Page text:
Nissan Wants to Build a GT-R Supercar That Drives Itself
The Nissan GT-R has long been the everyday person’s supercar, and it’s easy to see why. It sprints like a scalded cat, it’s easy to live with, and its techy all-wheel drive system can make average drivers look like Michael Schumacher on track. But that may change, because in the next few years this “supercar of the people” may be able to do all that, well… without people. In a recent interview with Top Gear, Richard Candler, Nissan’s Advanced Product Strategy boss, highlighted a potential “famous laps” driving mode on future Nissan GT-Rs that could allow you to turn up to a circuit—let’s say the Nurburgring—and have your GT-R autonomously zip you around at record-matching lap time pace. “The latest Nismo did 7m08s with Michael Krumm at the wheel; you could just select the Michael Krumm setting, press go and before you know it, you’re launched ‘round the track,” Candler told Top Gear. “Something that most people could never achieve suddenly becomes very accessible.” RELATED: Take a Closer Look at the 600-HP Nissan GT-R NISMO
Imagine that harrowing ride: blasting through corners on maximum attack and passing 190 mph on the Döttinger Höhe straightaway. To the faint of heart, it may be best to leave that mode off. Candler also noted that future autonomous cars could be used like video game simulators, allowing drivers to autonomously commute to the office, all while racing on the Nurburgring (via a Playstation) from their driver’s seat.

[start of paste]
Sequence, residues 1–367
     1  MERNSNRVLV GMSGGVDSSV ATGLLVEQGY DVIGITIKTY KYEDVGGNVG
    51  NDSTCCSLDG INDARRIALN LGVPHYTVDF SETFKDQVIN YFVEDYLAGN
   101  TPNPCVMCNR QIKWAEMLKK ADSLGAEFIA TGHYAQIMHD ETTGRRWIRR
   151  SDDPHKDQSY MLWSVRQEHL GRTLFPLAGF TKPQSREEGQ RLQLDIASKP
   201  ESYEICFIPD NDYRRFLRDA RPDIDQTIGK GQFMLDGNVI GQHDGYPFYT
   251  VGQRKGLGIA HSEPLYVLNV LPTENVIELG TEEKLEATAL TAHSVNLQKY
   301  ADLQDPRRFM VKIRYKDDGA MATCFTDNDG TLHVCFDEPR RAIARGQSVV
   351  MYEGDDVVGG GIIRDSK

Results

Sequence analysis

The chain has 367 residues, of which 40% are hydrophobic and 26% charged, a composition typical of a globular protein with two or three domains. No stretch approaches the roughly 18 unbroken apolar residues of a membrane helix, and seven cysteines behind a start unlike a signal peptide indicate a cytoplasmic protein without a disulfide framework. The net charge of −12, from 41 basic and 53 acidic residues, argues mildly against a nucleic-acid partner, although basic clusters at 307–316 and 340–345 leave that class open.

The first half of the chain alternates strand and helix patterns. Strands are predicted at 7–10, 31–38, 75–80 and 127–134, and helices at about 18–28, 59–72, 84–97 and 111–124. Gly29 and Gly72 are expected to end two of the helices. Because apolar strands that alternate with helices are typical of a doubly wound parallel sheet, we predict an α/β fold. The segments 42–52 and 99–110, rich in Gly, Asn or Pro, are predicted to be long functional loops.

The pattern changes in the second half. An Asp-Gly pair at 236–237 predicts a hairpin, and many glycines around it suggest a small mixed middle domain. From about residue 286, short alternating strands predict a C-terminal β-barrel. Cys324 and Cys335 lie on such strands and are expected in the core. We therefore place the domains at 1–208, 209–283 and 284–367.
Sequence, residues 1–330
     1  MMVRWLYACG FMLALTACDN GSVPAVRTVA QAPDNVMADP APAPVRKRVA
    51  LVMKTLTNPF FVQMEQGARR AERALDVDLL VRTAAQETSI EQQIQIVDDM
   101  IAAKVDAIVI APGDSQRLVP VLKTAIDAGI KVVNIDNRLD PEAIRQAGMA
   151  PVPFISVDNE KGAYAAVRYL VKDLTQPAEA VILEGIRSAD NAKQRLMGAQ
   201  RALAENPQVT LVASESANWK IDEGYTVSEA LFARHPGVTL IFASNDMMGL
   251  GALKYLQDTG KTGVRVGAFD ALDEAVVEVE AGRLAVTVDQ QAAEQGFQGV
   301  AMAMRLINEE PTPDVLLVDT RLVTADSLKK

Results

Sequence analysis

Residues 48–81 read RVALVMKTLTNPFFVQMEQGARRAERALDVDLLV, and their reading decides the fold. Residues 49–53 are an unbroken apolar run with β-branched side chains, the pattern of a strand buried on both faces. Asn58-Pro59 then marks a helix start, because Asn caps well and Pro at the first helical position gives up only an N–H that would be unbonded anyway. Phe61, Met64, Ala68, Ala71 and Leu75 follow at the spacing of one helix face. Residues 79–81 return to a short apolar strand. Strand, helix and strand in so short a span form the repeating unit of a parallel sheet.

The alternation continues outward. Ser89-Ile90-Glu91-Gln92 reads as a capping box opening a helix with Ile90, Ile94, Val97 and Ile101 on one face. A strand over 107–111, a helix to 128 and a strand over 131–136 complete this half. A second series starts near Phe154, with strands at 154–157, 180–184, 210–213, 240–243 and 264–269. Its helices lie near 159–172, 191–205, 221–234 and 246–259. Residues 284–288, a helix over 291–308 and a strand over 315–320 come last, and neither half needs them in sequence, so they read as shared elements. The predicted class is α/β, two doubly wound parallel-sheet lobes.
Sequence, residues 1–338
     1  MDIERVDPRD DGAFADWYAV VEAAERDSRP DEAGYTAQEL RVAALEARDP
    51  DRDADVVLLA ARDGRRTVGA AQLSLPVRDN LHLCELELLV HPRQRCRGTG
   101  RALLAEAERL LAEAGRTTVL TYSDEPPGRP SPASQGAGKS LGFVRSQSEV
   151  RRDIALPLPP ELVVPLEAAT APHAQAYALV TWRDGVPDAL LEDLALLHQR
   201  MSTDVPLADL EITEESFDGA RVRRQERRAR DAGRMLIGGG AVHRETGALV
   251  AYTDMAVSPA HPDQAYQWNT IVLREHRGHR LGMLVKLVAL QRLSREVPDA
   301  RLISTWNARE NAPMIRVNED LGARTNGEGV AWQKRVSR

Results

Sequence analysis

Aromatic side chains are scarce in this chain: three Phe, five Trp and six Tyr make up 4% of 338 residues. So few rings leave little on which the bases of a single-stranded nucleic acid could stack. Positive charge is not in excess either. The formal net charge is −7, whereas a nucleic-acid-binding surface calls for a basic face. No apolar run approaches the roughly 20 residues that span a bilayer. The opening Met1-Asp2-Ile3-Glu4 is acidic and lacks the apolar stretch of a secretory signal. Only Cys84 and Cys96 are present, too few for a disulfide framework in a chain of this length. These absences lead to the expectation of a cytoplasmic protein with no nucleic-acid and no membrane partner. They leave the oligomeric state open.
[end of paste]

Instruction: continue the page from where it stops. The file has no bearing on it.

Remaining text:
“We’re not trying to make conveyor belts that take you from one place to another,” notes Candler. “The driver will choose when they want to take the system and when they don’t.” This no doubt helps when addressing the many reams of red tape and legislation that surround the future of self-driving cars.
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For those who don’t plan to have Nissan GT-Rs but still wan’t autonomous tech, worry not. Nissan plans to give even its humblest cars some level of driving autonomy by 2020. The automaker plans to gradually increase the capability of its self-driving features each year, beginning with basic lane-keeping, acceleration, stopping, and steering as early as this year on some models.
While a technological marvel, a GT-R that can put you ‘round a track as fast as a race driver will probably play second fiddle to more commuter-focused self-driving features… but that’s not to say it won’t happen.
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